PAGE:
Dr. Gray is a young, bright emergency medicine physician who recently relocated to Austin, Texas, to start his first job as an attending. Nervous and excited, Dr. Gray is eager to explore the lively city of Austin and start practicing emergency medicine on his own. After a few months in the city, he noticed higher rates of obesity, homelessness, and uncontrolled diabetes among his patients compared to his prior practice setting. Curious and well-informed, Dr. Gray reaches for Austin’s Community Health Needs Assessment (CHNA) to further investigate the city’s health needs. As he reads through the CHNA document, he begins to see how local housing insecurity, food deserts, and gentrification are contributing to higher rates of obesity, and uncontrolled diabetes in the city.
The next morning, a 40-year-old woman presents to the emergency department (ED) with complaints of cough and nasal congestion. History reveals the patient has type two diabetes mellitus and is on insulin but with no other comorbidities. Investigations reveal a random blood glucose of 400mg/dl, but the patient is asymptomatic despite the elevated blood sugar. While counseling the patient regarding her blood sugar and the importance of compliance with insulin administration, Dr. Gray decides to go one step further by asking the patient about her housing and food needs. He delicately probes into the patient’s social needs and recognizes that the patient lives in a food desert and struggles to afford healthy options. Dr. Gray quickly connects her to a compassionate social worker who helps the patient identify food pantries with healthy foods in her zip code. The above example highlights the significance of the CHNA as a resource for emergency providers (EP) to deliver improved patient-centered care.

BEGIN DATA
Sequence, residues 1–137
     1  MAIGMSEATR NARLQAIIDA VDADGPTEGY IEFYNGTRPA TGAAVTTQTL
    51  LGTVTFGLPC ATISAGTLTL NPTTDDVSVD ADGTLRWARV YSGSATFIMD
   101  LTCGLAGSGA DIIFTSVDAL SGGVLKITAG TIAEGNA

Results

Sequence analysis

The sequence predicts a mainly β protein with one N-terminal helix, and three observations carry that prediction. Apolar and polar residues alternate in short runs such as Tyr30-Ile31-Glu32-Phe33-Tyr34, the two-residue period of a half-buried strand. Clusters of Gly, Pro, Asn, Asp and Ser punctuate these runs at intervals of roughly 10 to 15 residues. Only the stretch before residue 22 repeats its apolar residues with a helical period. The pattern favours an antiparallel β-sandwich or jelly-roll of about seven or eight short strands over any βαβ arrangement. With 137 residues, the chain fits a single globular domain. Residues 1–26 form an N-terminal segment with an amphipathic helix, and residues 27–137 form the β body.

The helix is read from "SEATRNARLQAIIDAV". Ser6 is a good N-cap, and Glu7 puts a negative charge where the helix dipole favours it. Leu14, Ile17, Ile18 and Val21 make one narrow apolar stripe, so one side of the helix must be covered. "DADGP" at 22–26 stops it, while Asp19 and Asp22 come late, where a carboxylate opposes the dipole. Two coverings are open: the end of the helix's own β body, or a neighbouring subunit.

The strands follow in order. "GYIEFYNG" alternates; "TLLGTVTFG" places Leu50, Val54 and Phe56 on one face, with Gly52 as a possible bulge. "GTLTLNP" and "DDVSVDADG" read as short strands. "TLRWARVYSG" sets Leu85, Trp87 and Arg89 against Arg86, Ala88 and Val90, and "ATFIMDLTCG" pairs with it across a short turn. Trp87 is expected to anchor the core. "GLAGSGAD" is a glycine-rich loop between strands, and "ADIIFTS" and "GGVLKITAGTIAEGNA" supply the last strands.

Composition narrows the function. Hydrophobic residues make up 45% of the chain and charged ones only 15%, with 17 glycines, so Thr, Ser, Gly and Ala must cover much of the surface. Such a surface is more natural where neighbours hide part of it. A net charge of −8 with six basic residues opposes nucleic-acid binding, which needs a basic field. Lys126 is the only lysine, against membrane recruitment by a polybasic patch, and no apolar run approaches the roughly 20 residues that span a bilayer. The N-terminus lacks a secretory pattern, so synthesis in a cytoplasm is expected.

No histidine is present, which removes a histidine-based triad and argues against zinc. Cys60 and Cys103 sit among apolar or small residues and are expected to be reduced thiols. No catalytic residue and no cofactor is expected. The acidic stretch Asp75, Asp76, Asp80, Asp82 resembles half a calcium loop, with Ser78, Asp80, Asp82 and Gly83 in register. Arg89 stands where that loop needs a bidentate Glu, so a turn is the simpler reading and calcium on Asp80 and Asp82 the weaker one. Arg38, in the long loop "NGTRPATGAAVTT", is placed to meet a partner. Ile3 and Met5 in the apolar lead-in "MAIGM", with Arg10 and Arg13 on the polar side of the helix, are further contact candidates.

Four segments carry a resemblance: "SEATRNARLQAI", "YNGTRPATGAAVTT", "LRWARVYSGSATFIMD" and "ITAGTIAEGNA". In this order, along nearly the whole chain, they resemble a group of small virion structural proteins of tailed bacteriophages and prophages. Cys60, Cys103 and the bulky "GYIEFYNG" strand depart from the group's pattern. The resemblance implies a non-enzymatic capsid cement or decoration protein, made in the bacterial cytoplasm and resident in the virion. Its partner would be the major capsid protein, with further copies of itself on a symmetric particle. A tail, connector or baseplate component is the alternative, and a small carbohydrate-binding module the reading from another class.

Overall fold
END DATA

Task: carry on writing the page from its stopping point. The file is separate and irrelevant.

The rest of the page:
A Community Health Needs Assessment (CHNA), also called Community Health Assessment (CHA), is a thorough evaluation conducted at the state, tribal, local, or territorial level to identify significant health needs and concerns. This assessment is carried out through a systematic and comprehensive process of collecting and analyzing large community-related data with a focus on gaining insights into the various health issues within a community. CHNAs provide comprehensive information on the social determinants of health (SDOH), such as education, environment, housing, socioeconomic status, health insurance access, health care access, and morbidity and mortality statistics.
According to the World Health Organization (WHO), SDOHs are “non-medical factors that influence health outcomes.” These factors include circumstances in which people are born and raised, their employment, place of residence, age, and other broad range of systems that influence their daily living conditions. Research has shown that SDOH accounts for 30 to 55 percent of health outcomes, contributing to increased morbidity and mortality. For example, a lack of health insurance can cause limited access to primary, preventive, and specialty health care services, which could in turn result in delayed diagnoses, inadequate treatment, and suboptimal management of chronic conditions. Individuals of low socioeconomic status often face challenges in accessing healthy food and safe housing, leaving them to consume “junk food,” which can increase their risk of obesity, cardiovascular disease, mental health issues, and lead to overall poorer health outcomes.